Jonas Salk once said that if all the earth's insects disappeared, all life on the planet would go extinct within 50 years.

I've always thought this is a perfect example of seemingly contained imbalances affecting the masses. You may not eat insects, but your food does, or your food's food does, or your food's food's food does.

In this sense, banks are the insects of our economy. If you don't borrow from a bank directly, your customers do, or your customers' customers do, or your suppliers do, or your customers' suppliers do. That deep interconnectedness can make even small imbalances in the banking sector spread to everyone else.

And to say banks are out of balance right now is the understatement of the year:

Source: Federal Reserve, author's calculations.

This is the anatomy of a failed financial system.

In a shift that began about a year go, banks are now lending more money to the government than they are to corporations, to the tune of roughly $400 billion. Just two years ago, it was exactly the opposite: Banks were lending $400 billion more to corporations than to Uncle Sam. That's an $800 billion shift in 24 months -- roughly the same amount, and during the same length of time, as our bedeviled stimulus package.    

Why is this happening?

Many reasons, not the least of which is businesses' reluctance to borrow. But the Federal Reserve is playing a major role in pushing this shift.

For the past three years, the Fed has done everything in its power to lower the interest rate on government debt by buying the stuff up by the trillions. It doesn't do this in secret, but by explicitly stating its intent to buy a specific amount of bonds over a set period of time. Able to smell blood better than sharks, large investors -- including and especially banks -- can preemptively buy bonds before the Fed and enjoy the ride once the buying begins.

Bill Gross of PIMCO described this strategy early last year:

PIMCO's view is simple: shake hands with the government; make them your partner by acknowledging that their checkbook represents the largest and most potent source of buying power in 2009 and beyond. Anticipate, then buy what they buy, only do it first.

The beauty in this is that we don't even need to anticipate anymore. A recent Fed press release explains:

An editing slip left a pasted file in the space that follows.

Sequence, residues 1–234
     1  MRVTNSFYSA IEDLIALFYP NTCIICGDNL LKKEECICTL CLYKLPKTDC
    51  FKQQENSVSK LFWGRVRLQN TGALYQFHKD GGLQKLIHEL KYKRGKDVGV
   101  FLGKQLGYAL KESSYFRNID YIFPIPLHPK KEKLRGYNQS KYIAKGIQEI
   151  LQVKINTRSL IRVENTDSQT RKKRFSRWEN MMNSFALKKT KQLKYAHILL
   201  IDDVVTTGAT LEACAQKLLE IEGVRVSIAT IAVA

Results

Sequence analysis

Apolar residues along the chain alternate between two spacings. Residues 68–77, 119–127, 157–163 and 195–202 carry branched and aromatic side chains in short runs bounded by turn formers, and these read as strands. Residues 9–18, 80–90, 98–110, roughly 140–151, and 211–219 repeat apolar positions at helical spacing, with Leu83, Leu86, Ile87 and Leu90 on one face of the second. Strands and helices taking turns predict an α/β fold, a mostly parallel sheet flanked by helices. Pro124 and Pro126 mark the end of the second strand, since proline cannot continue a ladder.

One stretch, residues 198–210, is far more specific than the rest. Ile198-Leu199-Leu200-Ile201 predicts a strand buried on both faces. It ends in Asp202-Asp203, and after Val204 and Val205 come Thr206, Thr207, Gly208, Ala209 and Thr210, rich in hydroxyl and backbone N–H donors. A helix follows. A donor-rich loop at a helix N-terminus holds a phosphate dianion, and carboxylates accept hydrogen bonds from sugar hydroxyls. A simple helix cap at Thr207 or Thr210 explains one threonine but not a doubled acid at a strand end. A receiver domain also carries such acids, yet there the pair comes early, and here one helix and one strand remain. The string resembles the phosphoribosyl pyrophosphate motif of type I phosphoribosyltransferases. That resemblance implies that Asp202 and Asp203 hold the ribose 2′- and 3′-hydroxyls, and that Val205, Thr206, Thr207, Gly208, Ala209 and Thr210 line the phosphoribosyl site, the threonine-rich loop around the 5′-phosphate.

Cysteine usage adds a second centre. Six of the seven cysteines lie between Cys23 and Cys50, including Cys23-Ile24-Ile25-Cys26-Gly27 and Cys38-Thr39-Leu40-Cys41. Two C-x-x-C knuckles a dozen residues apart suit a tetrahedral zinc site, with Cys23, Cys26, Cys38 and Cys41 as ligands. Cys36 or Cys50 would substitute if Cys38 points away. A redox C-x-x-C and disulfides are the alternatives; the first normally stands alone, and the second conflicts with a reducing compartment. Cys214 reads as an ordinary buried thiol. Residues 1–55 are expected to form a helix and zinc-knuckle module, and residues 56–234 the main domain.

On or around the eighth business day of each month, the [Fed] will publish a tentative schedule of purchase operations expected to take place through the middle of the following month, as well as the anticipated total amount of purchases to be conducted over that period.

When the Fed was buying $1 trillion worth of agency securities (Fannie and Freddie paper) last summer, bank analyst Meredith Whitney explained how banks like Citigroup (NYSE: C) and Bank of America (NYSE: BAC) took advantage of this:

A lot of the banks got sort of back-door financing from the federal government by this massive agency trade, where they increased their holdings of government-backed securities ... and made billions of dollars off of writing those securities up [after the Fed drove up prices].

Can't blame them. But the irony is that this is exactly contrary of the Fed's intended goals. The idea of the Fed buying bonds is that banks will be chased out of low-yielding government debt and into riskier assets like corporate loans. Yet as the Fed continues to announce its intent to blindly buy bonds into the future, the opposite has happened. Banks' incentive today is not to make loans to business. It's to play a far more profitable game of arbitrage with the government. That's where the incentives are.

This hasn't been a problem for large corporations like Johnson & Johnson (NYSE: JNJ) and IBM (NYSE: IBM), which have access to the commercial bond market that's in the midst of its own epic bubble. The bond market is so eager to shower cash on large corporations that some companies, like Microsoft (Nasdaq: MSFT), have used ultra-cheap bond proceeds to boost dividends and buybacks.

But for the country's masses, the incentive for banks to play chicken with the Fed has rendered loose monetary policy not only ineffective, but counterproductive. The return on savings accounts has been whittled down to nearly nothing; pension liabilities have gone through the roof as discount rates plunge. An expansion of private bank credit, however, has been nonexistent.

To return to the Salk analogy, what has the Fed's monetary policy really done for the economy? Surely it's created many, many more insects. But rather than those insects working up from the bottom of the food chain and nourishing everyone else along the way, they've primarily fed bank shareholders -- who, you should know by now, are at the top of the food chain and refuse to share their meals.

Hard to call that anything other than a failed financial system.              

Check back every Tuesday and Friday for Morgan Housel's columns on finance and economics.